However, [LDP] requires that the IP address of the FEC Element should However, [LDP] recommends that the IP address of the FEC Element
*exactly* match an entry in the IP RIB: according to [LDP] section should *exactly* match an entry in the IP RIB: according to [LDP]
3.5.7.1 (Label Mapping Messages Procedures) "An LSR receiving a Label section 3.5.7.1 (Label Mapping Messages Procedures) "A Label
Mapping message from a downstream LSR for a Prefix SHOULD NOT use the Switching Router (LSR) receiving a Label Mapping message from a
label for forwarding unless its routing table contains an entry that downstream LSR for a Prefix SHOULD NOT use the label for forwarding
exactly matches the FEC Element.". unless its routing table contains an entry that exactly matches the
FEC Element.".
Therefore, MPLS LSPs between LERs in different areas/levels are not Therefore, MPLS LSPs between Label Edge Routers (LERs) in different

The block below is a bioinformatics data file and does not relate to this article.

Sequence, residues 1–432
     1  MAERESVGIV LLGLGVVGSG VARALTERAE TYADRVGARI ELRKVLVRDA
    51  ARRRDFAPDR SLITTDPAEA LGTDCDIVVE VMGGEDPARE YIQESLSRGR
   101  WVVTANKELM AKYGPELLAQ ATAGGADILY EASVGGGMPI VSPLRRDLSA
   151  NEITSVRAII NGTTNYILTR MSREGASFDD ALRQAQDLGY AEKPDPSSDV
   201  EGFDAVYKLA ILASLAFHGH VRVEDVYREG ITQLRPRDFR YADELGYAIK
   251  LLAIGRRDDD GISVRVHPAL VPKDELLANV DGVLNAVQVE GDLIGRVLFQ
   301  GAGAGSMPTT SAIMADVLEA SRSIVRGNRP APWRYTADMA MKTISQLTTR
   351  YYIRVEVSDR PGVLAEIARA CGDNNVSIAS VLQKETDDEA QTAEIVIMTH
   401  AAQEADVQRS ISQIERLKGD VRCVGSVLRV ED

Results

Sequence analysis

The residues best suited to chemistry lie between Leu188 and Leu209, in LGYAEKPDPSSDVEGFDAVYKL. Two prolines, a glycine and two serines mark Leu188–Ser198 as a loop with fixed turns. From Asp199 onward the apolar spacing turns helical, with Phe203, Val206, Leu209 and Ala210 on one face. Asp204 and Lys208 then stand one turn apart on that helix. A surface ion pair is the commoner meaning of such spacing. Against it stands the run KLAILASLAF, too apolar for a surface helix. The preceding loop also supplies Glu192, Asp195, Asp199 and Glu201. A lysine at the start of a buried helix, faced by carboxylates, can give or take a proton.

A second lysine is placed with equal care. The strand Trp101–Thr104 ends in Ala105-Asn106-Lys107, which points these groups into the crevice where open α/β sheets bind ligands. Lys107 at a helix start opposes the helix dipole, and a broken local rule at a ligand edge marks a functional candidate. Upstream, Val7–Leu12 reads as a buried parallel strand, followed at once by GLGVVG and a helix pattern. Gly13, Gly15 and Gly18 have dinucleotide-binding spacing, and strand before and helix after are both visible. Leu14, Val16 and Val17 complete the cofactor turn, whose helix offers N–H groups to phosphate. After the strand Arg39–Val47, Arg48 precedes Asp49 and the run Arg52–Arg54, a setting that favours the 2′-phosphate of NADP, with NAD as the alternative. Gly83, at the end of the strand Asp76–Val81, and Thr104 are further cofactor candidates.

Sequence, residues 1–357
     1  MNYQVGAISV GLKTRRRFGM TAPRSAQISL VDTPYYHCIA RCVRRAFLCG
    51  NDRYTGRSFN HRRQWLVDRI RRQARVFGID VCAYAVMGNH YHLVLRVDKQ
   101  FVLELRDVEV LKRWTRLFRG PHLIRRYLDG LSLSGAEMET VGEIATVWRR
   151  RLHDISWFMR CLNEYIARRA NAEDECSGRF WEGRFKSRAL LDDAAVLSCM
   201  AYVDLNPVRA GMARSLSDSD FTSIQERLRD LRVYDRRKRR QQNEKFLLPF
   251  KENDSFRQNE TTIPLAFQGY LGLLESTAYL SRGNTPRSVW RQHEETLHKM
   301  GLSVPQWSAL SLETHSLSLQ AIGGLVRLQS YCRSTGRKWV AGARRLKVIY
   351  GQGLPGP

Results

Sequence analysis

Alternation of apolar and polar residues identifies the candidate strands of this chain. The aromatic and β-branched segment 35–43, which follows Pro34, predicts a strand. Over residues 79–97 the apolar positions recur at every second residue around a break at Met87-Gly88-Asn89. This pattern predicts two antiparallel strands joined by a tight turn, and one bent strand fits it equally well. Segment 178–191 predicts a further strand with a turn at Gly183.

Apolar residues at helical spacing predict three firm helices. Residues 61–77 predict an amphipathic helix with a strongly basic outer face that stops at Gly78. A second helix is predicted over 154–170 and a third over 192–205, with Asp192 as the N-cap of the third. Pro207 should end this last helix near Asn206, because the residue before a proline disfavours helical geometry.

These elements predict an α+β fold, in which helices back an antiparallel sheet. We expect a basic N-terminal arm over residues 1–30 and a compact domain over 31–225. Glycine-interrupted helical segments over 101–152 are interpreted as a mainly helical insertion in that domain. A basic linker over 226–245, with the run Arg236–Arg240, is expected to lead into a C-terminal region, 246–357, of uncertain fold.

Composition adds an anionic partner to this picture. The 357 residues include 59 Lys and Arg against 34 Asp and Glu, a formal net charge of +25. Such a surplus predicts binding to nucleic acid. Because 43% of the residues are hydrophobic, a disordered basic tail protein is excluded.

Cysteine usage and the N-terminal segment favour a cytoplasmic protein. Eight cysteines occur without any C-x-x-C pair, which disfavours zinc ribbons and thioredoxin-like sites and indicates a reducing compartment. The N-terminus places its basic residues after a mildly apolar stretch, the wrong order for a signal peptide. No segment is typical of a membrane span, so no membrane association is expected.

setup unless the specific (e.g. /32 for IPv4) loopback addresses of areas/levels are not setup unless the specific (e.g. /32 for IPv4)
all the LERs are redistributed across all areas. loopback addresses of all the LERs are redistributed across all
areas.
The problem statement is discussed in section 4. Then, in section 5 The problem statement is discussed in section 4. Then, in section 5
we extend the Label Mapping Procedure defined in [LDP] so as to we extend the Label Mapping Procedure defined in [LDP] so as to
support the setup of contiguous inter-area LSPs while maintaining IP support the setup of contiguous inter-area LSPs while maintaining IP
prefix aggregation on the ABRs. This basically consists of allowing prefix aggregation on the ABRs. This consists of allowing for longest
for "Longest Match Based" Label Mapping. match based Label Mapping.
4. Problem statement 4. Problem statement
Provider based MPLS VPN networks are expanding with the success of Provider based MPLS (Multi Protocol Label Switching) networks are